By Matt Welch
The February winter storm shocked Texans to the core. For days, the energy capital of the United States shivered silently in the dark while snow covered the streets, the world shut down, and the human and economic costs soared. Only a fool would continue forward without recognizing that something needs to change so that this never happens again.
However, those who are pointing at markets and electric competition as the culprit are shooting wide of the mark. It’s not the market that needs to change. Instead, it’s the way we oversee our connected gas-electric system of systems, ensure the preparedness of our generating assets, and the way we allow price formation to take place within our market structure that need some serious review and redesign.
Perhaps it would help if we step back and take a brief look at two issues: 1) what actually happened and contributed to the cause, and 2) what drove the eye-watering, real-time costs for the electricity that actually flowed during those four unforgettable days – costs that may be reflected in some customer bills for decades. Only then can we come up with a realistic appraisal of the key issues that need to be solved and the appropriate remedies that we, as a society, should consider adopting.
Systemic failure: Let’s start with what actually happened
Before prescribing the remedy, let’s start by assessing the malady. The most comprehensive reviews of this event to date have been the preliminary Joint FERC/NERC/Regional Entity Inquiry into the February 2021 Cold Weather Event (the Inquiry)1 and the University of Texas, Austin report (the UT Report) on the topic.2
The Inquiry stated that the Electric Reliability Council of Texas (ERCOT) saw an average of 34,000 megawatts (MW) of generation “unavailable for two consecutive days from February 15 to 17, equivalent to nearly half of its all-time winter peak electric load of 69,871 MW.” The report made some critical observations highlighting a broad and systemic failure involving multiple contributing factors including extreme weather, inadequate weatherization practices of both natural gas and electricity infrastructure, and a failure to account for the critical inter-relationships between the natural gas and electric systems.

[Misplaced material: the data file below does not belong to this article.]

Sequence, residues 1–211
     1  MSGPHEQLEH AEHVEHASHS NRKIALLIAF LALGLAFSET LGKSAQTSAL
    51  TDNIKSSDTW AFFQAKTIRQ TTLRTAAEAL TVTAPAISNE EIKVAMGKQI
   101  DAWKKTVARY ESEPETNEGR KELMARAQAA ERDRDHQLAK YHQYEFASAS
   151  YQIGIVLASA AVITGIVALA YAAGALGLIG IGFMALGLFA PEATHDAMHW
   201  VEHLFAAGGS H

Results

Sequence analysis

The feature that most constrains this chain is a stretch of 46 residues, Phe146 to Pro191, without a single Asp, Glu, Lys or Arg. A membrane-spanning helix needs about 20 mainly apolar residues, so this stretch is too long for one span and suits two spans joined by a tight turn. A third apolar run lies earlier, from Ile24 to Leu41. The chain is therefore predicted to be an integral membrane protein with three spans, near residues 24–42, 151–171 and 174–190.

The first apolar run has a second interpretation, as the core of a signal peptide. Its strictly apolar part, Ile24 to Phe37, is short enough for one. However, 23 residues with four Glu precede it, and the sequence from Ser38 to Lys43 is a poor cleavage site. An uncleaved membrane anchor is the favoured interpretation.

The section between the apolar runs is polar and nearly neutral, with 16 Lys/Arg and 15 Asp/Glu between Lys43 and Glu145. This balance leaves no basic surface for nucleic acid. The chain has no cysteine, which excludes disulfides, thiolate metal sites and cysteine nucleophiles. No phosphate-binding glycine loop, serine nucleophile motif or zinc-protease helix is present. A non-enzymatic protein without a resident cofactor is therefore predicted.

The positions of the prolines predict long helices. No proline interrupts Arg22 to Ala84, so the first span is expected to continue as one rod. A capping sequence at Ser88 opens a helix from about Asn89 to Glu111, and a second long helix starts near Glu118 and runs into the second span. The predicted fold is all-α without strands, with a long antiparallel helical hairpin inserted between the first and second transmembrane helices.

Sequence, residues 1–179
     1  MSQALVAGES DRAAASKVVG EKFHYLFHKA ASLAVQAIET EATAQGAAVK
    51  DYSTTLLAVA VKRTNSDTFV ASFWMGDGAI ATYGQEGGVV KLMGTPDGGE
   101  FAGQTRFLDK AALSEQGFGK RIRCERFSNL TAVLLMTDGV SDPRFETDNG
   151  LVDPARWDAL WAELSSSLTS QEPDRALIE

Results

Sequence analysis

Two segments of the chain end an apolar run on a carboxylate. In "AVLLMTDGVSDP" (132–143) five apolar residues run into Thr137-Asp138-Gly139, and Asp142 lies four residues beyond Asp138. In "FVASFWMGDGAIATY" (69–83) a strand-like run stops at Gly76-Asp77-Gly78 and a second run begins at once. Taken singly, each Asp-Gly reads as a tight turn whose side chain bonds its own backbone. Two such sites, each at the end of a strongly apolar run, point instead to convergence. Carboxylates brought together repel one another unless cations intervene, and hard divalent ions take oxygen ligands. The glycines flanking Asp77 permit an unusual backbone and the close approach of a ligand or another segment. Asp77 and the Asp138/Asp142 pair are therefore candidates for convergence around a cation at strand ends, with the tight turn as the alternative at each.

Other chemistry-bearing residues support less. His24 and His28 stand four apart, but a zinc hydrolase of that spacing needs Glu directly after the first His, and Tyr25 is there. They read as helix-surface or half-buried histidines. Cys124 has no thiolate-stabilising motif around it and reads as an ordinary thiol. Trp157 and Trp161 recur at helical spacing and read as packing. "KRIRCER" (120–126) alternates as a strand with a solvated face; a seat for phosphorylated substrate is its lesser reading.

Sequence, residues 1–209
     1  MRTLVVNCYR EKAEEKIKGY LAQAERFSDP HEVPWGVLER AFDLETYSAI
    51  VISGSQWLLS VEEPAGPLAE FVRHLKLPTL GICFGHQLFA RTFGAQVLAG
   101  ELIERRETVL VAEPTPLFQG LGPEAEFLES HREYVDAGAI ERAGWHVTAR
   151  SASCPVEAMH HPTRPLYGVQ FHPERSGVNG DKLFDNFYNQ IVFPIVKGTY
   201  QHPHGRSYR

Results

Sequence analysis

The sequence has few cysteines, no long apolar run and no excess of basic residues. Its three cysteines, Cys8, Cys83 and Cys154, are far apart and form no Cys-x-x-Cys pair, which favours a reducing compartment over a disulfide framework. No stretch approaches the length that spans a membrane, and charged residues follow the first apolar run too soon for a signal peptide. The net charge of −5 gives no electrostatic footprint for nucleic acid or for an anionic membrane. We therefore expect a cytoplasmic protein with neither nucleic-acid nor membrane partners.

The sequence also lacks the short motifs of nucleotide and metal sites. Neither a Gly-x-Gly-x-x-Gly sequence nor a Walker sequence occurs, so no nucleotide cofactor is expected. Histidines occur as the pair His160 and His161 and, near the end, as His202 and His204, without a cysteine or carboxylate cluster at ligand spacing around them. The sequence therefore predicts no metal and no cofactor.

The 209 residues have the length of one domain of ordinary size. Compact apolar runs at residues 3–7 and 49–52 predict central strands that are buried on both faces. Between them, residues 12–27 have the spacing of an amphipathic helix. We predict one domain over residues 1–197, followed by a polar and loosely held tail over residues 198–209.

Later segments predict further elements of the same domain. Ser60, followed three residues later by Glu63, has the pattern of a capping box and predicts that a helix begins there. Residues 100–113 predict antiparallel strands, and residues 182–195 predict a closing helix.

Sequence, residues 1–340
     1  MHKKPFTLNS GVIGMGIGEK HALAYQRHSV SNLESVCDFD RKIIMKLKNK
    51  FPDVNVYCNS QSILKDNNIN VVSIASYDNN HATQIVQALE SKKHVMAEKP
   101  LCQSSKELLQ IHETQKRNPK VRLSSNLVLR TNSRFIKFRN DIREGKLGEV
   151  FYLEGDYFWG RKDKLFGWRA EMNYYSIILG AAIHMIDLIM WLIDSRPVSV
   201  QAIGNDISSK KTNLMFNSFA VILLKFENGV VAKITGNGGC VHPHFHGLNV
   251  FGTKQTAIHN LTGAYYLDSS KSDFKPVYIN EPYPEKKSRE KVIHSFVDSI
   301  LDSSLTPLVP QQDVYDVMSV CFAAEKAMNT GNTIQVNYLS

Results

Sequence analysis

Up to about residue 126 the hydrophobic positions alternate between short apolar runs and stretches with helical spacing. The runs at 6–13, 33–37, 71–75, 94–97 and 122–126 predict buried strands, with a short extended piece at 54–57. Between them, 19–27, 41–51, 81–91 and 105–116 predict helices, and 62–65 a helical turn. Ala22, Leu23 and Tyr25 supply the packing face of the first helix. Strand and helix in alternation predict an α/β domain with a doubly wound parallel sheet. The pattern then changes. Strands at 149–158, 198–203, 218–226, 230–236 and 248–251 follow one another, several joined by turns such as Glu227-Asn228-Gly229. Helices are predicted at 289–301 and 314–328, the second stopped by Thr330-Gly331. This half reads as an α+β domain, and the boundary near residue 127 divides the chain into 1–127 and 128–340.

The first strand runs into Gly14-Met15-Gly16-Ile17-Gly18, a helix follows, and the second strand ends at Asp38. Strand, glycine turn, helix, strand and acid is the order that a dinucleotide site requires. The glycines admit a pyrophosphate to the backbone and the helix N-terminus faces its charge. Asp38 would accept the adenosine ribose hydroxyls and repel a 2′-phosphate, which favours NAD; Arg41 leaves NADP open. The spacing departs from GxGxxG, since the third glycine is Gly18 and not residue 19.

With respect to gas supply, the Inquiry noted that the cold weather contributed to the “largest U.S. monthly decline of natural gas production on record,” which plummeted by 28% from February 4 to February 17. Frigid weather froze assets at the gas wellhead while outages at gas gathering and processing facilities further constrained supplies. Meanwhile, some of those gas-fired generators that still had access to gas were unable to generate electricity, as they had not been adequately weatherized.
In total, 75% of the generator outages or de-rates in the areas affected – Mid-Continental ISO, Southwest Power Pool, and ERCOT resulted from freezing and fuel issues, with poor winterization being the largest contributing factor. The most common sub-causes were frozen instruments and icing on wind turbine blades (although as one can see below from the UT Report, the expected contribution of wind generating capacity was relatively minimal; the critical system failure was in the gas generation fleet).
ERCOT: Down 2,800 MW of wind, 26,300 MW of thermal generation forced outages3
To further compound matters, the natural gas infrastructure relies upon a viable electric grid in order to produce, process and transport gas to power plants and other end users. However, the Inquiry observed that while load shed plans were designed to avoid cutting power to critical electric loads, “most of the natural gas production and processing facilities surveyed by the inquiry team were not identified as critical loads or otherwise protected from manual load shedding.” This further cut critical gas supplies.
Incredibly, the University of Texas at Austin report to the Texas Public Utilities Commission observed that 67 locations (electric meters) in the generator fuel supply chain were enrolled in ERCOT’s voluntary Emergency Response Service program, meaning they were designated to have power cut when those programs were activated on February 15. At least five locations later identified as critical natural gas infrastructure were enrolled in this program.4
Finally, while other grid operators had some ability to import electricity from neighboring power grids, ERCOT, with its limited interconnections, had no such resource available.
The Inquiry team made 29 preliminary recommendations, including nine key ones relating largely to improved weatherization of natural gas and electric generation infrastructure, improved coordination between the two industries, and the development of more precise load shedding strategies. What the team did not recommend were any changes to the market structure, as the FERC has no jurisdiction in that area.5